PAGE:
Slaves of the Shah: New Elites of Safavid Iran
Co-authored by Kathryn Babayan, Ph.D. 1993.
The Safavid dynasty represented the pinnacle of Iran's power and influence in its early modern history. The evidence of this - the creation of a nation state, military expansion and success, economic dynamism and the exquisite art and architecture of the period is well-known. What is less understood is the extent to which the Safavid success depended on an elite originating from outside Iran: the slaves of Caucasian descent and the Armenian merchants of Isfahan. This book describes how these elites, following their conversion to Islam, helped to transform Isfahan's urban, artistic and social landscape.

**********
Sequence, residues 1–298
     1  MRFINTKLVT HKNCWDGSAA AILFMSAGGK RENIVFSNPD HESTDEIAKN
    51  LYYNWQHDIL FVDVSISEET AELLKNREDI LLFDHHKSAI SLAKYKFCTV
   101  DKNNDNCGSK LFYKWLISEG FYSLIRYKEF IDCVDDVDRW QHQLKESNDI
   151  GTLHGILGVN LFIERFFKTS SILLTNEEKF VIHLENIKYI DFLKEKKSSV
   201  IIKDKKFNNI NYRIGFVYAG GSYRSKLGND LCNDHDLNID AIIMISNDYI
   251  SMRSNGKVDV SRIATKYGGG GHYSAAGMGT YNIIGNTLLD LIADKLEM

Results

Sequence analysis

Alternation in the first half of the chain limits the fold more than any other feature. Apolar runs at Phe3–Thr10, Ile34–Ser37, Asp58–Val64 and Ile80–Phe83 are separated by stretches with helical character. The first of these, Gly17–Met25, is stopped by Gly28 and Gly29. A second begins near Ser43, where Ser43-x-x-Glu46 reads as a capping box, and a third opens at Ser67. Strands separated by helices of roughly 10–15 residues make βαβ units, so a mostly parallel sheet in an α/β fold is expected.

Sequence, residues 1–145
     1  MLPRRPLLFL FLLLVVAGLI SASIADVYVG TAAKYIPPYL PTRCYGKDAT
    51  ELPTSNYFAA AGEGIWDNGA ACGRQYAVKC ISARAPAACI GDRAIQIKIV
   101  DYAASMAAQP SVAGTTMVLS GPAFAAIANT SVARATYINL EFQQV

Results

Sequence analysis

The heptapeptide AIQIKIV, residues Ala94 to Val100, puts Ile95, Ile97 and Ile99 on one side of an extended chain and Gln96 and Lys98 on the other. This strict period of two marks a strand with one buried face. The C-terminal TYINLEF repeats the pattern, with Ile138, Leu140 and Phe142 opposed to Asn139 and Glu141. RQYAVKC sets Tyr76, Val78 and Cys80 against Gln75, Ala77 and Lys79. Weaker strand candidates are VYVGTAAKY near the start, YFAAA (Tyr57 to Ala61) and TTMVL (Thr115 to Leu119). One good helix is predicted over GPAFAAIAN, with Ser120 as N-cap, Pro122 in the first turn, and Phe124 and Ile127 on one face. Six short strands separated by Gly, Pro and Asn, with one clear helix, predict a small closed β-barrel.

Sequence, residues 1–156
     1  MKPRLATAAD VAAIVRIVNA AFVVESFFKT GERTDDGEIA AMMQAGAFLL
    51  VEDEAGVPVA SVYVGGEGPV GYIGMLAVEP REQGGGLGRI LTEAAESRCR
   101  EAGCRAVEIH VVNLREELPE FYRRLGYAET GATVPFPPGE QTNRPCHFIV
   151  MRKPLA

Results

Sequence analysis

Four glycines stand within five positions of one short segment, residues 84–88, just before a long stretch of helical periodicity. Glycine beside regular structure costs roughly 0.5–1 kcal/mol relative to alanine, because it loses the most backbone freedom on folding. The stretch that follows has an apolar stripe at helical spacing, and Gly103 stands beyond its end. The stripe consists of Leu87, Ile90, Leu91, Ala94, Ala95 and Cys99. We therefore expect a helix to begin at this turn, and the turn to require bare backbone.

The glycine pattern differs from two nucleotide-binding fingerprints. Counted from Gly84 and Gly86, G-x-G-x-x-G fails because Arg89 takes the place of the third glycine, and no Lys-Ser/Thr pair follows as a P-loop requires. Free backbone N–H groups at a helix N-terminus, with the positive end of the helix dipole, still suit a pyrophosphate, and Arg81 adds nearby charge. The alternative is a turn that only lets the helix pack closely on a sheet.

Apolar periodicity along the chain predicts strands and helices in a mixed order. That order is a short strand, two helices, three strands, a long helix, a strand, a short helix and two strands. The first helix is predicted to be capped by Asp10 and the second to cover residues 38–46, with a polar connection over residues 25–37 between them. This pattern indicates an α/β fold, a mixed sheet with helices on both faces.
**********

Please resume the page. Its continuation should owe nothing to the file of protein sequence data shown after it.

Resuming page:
Table of Contents
Note on Transliteration and Usage xiii
1 Slaves of the Shah
Sussan Babaie, Kathryn Babayan,
Ina Baghdiantz-McCabe, Massumeh Farhad
2 The Safavid Household Reconfigured:
Concubines, Eunuchs and Military Slaves
3 Armenian Merchants and Slaves: Financing
the Safavid Treasury
4 Launching from Isfahan: Slaves and the
Construction of the Empire
5 Military Slaves in the Provinces: Collecting
and Shaping the Arts